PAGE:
View Full Version : Dec. 9, 1963 --- 41 years

12-09-2004, 02:39 PM
41 years ago today. "Black Monday" for the people of South Bend, and employees of Studebaker. Lest we forget.:(

12-09-2004, 03:49 PM
Sad anniversary indeed. Every time I think of this, I remember reading what one ex-employee wrote some time after Studebaker was done. This guy's job kept him at the plant for a time after the last cars were built.
He reflected that shortly after shutdown (a few days or so), he walked along one of the assembly lines. The lines held no cars, of course. But the gondolas and bins on either side were full of gleaming new parts, just waiting to be hung on a progressing vehicle. He thought to himself: How incredible! Here's this automobile production facility - all stocked and set to build new cars - and it will never noisily do so again! It was hard to swallow that no one would ever flip the lites on again and start forming new Studebakers from the contents of those bins. How could it be???:(

Miscreant at large.

12-09-2004, 08:58 PM
Man-o-man Bob, you sure know how to paint a depressing picture! :( After I read that, I went out in the cold, dark, dank weather, with the 40 knot winds tearing at my hands holding my jacket closed, to the garage, and hugged my ol' Starlight coupe! :D


12-09-2004, 11:15 PM
It's truly a depressing scenario, Sonny. But I remeind myself that had Studebaker managed to STAY in business, building cars, I probably wouldn't be as enamored with them as I have been for 31 years!
There's something appealing about the "underdog" and in Studebaker's case, the fact that we're left to prove what a superior car they really were makes them even more intriguing. 40 years after they were built, they're still surprizing folks with their performance! What a fantastic story!

Miscreant at large.

04-16-2005, 02:02 AM
Want a few goose pimples? Next time you go to South Bend take a few moments to stand across the street from the main entrance to South Bend Lathe (which is west of SASCO). You'll see (unless they are gone now) a small guard house and two pillars at the entrance to South Bend Lathe. It was from this spot that the major television networks announced the end of the line for Studebaker on December 9, 1963. It was a snowy cold day and most news accounts showed workers starting their Studebakers and leaving the employee lot. Lore has it that old time line workers, sensing something was in the air earlier that day, headed for the Studebaker Credit Union and withdrew their money. Lore is lore but certainly try to see this next time you are in South Bend. At the rate the old Stude buildings are disappearing, you might not get to take in this view much longer.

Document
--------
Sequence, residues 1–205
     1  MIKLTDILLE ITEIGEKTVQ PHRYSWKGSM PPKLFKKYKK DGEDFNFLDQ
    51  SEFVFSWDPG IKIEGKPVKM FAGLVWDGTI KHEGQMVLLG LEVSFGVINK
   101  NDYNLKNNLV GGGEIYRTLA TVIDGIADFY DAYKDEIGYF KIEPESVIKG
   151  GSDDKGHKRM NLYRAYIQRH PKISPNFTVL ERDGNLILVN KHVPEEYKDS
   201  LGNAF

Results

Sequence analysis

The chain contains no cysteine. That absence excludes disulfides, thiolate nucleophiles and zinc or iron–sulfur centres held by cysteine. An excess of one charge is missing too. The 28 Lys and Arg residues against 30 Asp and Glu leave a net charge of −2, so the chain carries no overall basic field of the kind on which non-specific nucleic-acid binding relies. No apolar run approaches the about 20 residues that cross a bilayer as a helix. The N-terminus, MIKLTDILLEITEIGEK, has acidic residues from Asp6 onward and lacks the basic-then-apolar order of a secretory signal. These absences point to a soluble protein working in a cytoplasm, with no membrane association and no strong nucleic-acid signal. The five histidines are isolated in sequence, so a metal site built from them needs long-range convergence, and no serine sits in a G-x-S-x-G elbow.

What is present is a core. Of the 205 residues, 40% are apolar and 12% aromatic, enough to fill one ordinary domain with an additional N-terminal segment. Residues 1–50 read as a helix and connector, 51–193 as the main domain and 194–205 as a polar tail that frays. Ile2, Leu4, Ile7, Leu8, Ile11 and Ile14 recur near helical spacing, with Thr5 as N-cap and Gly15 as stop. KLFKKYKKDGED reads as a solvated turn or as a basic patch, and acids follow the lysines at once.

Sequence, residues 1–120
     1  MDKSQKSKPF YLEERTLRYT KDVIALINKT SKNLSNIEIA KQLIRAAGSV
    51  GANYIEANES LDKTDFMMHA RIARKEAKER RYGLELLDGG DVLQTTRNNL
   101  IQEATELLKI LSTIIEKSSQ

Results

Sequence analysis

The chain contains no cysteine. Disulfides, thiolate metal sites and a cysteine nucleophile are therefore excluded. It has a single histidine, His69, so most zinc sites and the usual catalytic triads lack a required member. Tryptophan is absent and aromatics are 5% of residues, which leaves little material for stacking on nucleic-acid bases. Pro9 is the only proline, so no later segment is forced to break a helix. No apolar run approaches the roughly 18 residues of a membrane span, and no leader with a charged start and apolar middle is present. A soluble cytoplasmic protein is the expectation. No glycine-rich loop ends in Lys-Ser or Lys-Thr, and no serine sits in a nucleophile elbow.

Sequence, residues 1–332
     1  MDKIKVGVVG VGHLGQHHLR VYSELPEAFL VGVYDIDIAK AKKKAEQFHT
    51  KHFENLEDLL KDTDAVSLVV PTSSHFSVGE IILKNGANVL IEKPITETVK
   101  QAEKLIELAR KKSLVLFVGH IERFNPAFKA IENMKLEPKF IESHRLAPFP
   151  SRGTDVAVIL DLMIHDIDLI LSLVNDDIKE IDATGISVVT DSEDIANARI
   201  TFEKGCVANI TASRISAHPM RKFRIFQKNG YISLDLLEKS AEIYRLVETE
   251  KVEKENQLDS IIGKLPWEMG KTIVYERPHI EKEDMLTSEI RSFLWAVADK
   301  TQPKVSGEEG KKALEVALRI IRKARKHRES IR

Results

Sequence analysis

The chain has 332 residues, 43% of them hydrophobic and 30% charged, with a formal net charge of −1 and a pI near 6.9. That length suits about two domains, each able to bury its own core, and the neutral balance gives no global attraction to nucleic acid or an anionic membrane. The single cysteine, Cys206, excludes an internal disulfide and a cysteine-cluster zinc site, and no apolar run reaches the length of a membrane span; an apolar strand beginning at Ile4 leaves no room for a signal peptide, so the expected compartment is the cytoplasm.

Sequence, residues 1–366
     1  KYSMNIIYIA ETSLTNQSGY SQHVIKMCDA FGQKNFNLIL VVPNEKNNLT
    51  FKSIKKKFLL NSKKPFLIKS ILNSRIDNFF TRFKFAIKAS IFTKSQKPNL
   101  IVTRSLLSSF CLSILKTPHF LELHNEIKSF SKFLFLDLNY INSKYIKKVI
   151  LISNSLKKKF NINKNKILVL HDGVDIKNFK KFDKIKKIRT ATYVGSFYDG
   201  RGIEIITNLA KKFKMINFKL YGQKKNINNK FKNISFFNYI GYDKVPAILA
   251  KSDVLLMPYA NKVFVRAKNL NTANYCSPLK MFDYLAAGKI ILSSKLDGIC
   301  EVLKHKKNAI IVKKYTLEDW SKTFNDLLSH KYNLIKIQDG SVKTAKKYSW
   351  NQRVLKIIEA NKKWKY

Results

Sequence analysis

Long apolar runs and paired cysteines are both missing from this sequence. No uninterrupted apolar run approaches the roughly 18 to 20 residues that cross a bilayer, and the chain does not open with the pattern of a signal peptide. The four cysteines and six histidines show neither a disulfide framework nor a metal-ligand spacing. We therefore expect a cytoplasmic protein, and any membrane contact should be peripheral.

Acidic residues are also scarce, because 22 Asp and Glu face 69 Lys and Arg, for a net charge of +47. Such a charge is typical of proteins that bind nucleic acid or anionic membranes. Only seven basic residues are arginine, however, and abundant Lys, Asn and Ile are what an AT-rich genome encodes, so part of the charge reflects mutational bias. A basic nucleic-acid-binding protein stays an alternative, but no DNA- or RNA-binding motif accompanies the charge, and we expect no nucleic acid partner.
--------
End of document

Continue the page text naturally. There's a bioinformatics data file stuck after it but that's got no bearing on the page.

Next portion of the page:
04-16-2005, 05:52 AM
As of last October, the main gate still stands. I was up there visiting my Mother. It's odd, I was born and raised in South Bend, but didn't buy a Studebaker until I moved to Georgia. (Of course, by then I could afford one.)[:I]

04-16-2005, 07:59 AM
I also was born and raised in South Bend and my brother worked on the Avanti line (I believe it was in the old truck line building) until they closed it down. Many of my friends fathers were Studebaker employes with 20-30 years at Studebaker.


P.S. My first Stude was a new 1962 Lark two door V8 o.d.

05-08-2005, 10:48 AM
Rummaging around SASCO saturday,I told my girlfriend,just think,out of business for 40 years,and people are still standing in line to buy their brand new parts!

not golden hawk,not silver hawk,just hawk.

05-09-2005, 12:57 PM
It's damned amazing when you think about it![:0] AMCer's can't say the same thing and their company held out until 1987!!![xx(]
That Studebaker thought enough of the faithful customers to maintain parts sales thru the company for 6 years after the last Stude was built is amazing in itself. To think that there's still warehouses full of NOS parts to draw from almost a half century later is astounding.:D

Miscreant at large.

05-09-2005, 02:03 PM
You don't go through so many parts when you build quality vehicles. Of all discontinued makes Studebaker seems to have the highest survival rate of all them. Plus Studebaker had the most well engineered drivetrains of all the independents. We think the Skybolt6 is a week engine but its problems were quite common among alot of engines. Many Ford and GM engines had valve seat cracking problems too. It's like I always say, Autozone always has that GM HEI coil in stock because they sell lots of them. That means they must break frequently. They don't have a coil in stock for a Toyota engine eventhough there are millions of them on the road too, but they don't break as often. GM coil $20.00, Toyota coil $60.00. I'll take the $60.00 one that never breaks any day over the $20.00 that leaves me on the side of the road.

Restore it, don't replace it.Keep the Studebaker reproduction industry going

05-10-2005, 09:54 AM
A couple of posts back it was noted that AMC'ers don't enjoy the same parts availability as us Studebaker drivers and there's a reason for that: Chrysler. When Chrysler bought AMC they landfilled literally tons of parts and alot of AMC history. I like Chrysler, but think they got just desserts when they themselves were bought out and became DamnearChrysler.